Voronegskoe Reservoir EUR-53

Lat.52.586 Lng.39.596 Alt.93
Riparian Nation(s) Russia
Surface Area 70 km2 Mean Depth 2.9 m Volume 0.2 km3
Shoreline 85 km Catchment Area 21390 km2 Residence Time 0.1 yr
Frozen Period Nov-Apr Mixing Type Polymictic Morphogenesis/Dam Artificial
Related Info/Site


Reservoir Voronegskoe was formed on the River Voronege at 5.5 km upstream from its confluence with the River Don, based on the "Sojuzvodocanal Project" worked out by the State Designing Research Institute. It was put into operation in June 1972 by the State Committee of RSFSR Ministry of Land Improvement and Water Supply. The total cost of the reservoir was 27.5 million rubles.

The reservoir was mainly intended to reserve groundwater to be supplied to the city of Voronege, and has successfully served as the reliable source of industrial and municipal water for the city. It also provides irrigation water to its catchment area and recreation sites and architectural beauty for urban residents.

This shallow reservoir is 35 km long, and is divided into five sections according to their morphology and hydrodynamics. Dam Section I is the widest and the deepest (mean depth 4.3 m and maximum depth 12 m). There, the height of wind wave may reach 1.3 m, while the annual mean current velocity is the least (0.8 cm sec 1). The mean depth is only 1.9 m in Section V, where the wave height is less than 0.5 m and the mean current velocity amounts to 1.6 cm sec 1. Shallows less than 1 m in water depth cover 16% of the total reservoir area, being mostly distributed in Section V as well as along the left bank and in bays of other sections. The transitional zone of medium depth (from 1 m to the lower limit of macrophyte growth 5 m) accounts for 64% of the reservoir surface and for 91% of its volume.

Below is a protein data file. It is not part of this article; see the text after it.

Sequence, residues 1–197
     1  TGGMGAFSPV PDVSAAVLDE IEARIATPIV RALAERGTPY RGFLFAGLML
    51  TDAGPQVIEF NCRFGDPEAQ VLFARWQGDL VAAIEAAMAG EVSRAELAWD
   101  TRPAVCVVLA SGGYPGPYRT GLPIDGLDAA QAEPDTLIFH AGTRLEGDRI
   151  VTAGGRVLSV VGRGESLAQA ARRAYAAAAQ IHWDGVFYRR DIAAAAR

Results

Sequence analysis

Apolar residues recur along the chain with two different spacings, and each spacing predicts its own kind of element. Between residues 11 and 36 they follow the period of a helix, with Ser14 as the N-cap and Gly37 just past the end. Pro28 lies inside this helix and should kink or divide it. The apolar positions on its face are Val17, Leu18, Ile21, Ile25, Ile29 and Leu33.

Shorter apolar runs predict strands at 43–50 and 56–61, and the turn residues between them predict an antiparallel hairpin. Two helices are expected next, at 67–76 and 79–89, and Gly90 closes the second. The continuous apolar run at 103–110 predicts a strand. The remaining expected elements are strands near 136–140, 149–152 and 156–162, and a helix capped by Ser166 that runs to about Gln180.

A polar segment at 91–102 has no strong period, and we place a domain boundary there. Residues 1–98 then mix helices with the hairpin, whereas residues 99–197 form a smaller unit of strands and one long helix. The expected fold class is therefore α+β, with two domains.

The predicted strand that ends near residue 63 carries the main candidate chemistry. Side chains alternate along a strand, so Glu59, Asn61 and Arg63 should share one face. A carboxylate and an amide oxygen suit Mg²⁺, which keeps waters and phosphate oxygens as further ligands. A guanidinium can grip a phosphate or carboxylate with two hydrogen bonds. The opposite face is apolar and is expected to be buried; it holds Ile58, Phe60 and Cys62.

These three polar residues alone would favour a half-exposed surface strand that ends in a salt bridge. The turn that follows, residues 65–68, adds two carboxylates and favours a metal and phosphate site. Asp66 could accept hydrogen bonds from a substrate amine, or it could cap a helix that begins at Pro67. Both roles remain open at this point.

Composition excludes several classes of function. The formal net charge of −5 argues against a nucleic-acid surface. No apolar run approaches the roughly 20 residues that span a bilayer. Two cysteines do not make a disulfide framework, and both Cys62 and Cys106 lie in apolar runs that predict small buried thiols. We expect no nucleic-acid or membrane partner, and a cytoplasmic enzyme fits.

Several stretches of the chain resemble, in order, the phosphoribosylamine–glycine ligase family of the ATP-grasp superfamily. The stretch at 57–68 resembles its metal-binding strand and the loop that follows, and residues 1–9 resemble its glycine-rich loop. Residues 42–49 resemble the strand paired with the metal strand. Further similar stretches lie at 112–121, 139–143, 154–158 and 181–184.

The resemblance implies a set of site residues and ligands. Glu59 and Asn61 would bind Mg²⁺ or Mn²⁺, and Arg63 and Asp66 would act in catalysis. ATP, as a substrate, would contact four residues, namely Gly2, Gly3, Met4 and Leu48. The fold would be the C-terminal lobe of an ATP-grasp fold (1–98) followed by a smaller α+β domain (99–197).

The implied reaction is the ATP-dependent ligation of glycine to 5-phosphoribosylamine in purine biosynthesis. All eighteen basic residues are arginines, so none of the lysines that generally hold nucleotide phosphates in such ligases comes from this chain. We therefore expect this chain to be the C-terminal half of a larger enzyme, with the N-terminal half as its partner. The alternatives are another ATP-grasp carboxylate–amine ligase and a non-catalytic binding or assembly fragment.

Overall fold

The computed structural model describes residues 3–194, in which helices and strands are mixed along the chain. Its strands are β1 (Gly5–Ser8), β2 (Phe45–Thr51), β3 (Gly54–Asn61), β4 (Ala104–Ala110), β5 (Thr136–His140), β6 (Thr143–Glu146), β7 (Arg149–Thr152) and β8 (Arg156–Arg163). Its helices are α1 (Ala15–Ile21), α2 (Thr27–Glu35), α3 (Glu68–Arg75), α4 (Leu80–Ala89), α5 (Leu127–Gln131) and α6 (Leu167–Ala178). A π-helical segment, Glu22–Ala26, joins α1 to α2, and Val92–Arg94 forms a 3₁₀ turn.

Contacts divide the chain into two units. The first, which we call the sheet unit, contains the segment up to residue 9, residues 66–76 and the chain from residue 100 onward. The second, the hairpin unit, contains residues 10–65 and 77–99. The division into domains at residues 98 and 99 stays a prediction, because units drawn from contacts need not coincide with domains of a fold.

The catchment area is densely populated and used for industry and agriculture. There are large industrial centers such as Voronege and Lipetsk along the R. Voronege and a lot of towns, villages and residential areas (1, 2, 3, 4).

Photo of Voronegskoe Reservoir
Photo: V. M. Mishon